That makes it sound as if Obama and Clinton favor leaving a few Marine guards at the U.S. embassy and a few Special Operations teams based either in Iraq or in a neighboring country.
This is a position so utterly disconnected from the on-the-ground reality I discovered in Iraq during a recent 11-day visit that it boggles the mind. The ability of our forces to rout Al Qaeda during the past year was due precisely to abandoning the Special Forces-centric approach we had utilized in the past. Instead of relying on a handful of commandos swooping in from afar, General Petraeus sent large numbers of combat troops to live in Iraqi neighborhoods. This created a sufficient degree of security to allow residents to rat out Al Qaeda terrorists without committing suicide.
Obviously we cannot keep 170,000 troops in Iraq indefinitely; we will be down to 130,000 (15 Brigade Combat Teams) by mid-July on current projections. And as Iraqi security forces grow in capability it may be possible to withdraw more troops without compromising the security gains of recent months. But it would be the height of irresponsibility to pledge, without knowing what conditions on the ground look like, the withdrawal of all combat troops in less than two years.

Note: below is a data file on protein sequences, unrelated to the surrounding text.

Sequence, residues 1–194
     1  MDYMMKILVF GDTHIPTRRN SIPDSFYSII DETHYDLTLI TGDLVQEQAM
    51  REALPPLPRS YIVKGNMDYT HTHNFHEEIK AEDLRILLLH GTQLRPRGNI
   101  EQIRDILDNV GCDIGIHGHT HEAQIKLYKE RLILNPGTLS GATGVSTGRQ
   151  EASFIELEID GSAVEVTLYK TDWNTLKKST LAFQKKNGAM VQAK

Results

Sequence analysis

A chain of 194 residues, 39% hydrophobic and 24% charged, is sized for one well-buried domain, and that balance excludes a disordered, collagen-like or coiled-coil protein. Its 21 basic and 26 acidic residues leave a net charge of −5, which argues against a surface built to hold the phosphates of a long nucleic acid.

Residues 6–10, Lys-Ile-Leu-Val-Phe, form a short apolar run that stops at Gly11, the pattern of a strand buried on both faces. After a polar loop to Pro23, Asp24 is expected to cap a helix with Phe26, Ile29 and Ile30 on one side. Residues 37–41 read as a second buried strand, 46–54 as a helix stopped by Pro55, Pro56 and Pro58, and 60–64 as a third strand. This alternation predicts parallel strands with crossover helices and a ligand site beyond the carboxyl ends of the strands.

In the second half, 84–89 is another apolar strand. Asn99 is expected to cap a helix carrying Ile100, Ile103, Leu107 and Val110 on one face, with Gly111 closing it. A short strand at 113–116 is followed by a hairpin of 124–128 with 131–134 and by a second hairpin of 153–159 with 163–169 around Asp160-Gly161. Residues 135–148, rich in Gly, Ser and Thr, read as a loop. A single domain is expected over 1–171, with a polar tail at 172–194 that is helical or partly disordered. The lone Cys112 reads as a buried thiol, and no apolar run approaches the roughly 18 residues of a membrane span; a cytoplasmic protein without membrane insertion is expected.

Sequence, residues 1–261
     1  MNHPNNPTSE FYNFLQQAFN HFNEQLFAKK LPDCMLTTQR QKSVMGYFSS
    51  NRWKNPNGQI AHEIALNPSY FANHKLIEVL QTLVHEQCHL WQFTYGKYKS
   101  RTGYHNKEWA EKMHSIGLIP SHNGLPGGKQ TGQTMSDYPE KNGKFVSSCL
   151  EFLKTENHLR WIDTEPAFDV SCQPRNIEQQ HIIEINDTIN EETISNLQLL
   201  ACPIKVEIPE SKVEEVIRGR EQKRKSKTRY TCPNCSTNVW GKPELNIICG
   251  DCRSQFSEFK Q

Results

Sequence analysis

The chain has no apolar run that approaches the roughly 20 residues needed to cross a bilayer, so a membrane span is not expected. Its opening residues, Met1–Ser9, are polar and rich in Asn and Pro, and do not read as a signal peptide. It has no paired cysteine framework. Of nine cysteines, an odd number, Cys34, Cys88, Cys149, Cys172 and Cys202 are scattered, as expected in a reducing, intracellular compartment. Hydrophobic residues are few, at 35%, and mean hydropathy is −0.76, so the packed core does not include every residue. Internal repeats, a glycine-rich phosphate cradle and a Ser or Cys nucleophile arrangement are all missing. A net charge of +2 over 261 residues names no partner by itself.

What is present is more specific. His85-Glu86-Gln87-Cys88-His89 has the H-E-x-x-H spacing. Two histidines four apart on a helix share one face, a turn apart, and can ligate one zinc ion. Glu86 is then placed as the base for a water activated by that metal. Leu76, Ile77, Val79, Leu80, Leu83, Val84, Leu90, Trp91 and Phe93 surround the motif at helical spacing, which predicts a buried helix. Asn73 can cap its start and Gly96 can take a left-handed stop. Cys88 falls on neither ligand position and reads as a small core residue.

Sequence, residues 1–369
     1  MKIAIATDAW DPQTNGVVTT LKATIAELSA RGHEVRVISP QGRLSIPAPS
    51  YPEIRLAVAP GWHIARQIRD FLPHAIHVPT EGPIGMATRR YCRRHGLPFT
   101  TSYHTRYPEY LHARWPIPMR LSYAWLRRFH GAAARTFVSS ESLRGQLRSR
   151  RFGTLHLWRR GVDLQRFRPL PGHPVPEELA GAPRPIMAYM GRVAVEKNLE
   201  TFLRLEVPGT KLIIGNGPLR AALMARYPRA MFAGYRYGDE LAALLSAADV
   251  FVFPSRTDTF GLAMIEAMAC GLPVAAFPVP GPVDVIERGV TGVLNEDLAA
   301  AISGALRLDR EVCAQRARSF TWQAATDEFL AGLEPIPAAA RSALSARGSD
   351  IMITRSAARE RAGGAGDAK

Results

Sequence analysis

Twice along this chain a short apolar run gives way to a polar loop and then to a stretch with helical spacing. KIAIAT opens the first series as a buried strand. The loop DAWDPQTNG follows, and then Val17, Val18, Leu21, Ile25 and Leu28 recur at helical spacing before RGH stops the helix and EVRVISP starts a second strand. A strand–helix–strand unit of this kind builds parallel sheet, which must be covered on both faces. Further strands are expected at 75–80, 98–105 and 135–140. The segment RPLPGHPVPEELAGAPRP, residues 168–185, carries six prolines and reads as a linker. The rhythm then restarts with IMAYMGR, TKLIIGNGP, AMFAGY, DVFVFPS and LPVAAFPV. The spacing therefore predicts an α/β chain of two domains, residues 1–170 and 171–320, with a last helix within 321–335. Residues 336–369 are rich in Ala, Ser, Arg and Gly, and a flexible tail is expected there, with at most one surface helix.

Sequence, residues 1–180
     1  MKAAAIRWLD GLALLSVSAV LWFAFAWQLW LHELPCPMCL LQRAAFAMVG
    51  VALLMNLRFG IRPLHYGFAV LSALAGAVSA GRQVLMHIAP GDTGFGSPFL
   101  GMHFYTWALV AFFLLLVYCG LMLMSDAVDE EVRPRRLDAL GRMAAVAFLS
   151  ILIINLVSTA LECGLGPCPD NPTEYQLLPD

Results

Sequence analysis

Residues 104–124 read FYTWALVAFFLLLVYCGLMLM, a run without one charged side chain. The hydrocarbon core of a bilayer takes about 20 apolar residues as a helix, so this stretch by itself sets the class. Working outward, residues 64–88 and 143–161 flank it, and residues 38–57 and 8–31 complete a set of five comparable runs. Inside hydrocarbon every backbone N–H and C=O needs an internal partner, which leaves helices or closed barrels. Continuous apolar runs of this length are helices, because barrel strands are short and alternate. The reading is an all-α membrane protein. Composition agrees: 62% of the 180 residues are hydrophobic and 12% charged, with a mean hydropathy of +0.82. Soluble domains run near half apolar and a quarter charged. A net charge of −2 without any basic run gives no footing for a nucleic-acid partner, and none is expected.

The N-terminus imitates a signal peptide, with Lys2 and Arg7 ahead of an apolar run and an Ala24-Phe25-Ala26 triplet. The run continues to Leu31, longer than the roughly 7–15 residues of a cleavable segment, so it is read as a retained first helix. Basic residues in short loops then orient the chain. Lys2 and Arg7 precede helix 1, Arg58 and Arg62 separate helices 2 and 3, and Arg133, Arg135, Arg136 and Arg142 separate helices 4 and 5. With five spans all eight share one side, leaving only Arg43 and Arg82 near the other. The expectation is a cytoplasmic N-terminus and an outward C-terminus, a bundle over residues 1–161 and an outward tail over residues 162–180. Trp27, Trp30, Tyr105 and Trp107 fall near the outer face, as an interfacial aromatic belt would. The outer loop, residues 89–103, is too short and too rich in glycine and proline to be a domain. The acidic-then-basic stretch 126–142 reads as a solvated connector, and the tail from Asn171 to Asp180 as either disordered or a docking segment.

Imagine what would have happened in the Korean peninsula if the U.S. and its allies had withdrawn all combat troops in 1955. What are the odds that South Korea would have remained independent? Probably no higher than the odds in South Vietnam, where we did withdraw all combat troops in 1973. Within two years the war was lost.
Again we see that those who understand the reality on the ground in Iraq are certain that the ways ahead planned by the dems will ensure failure.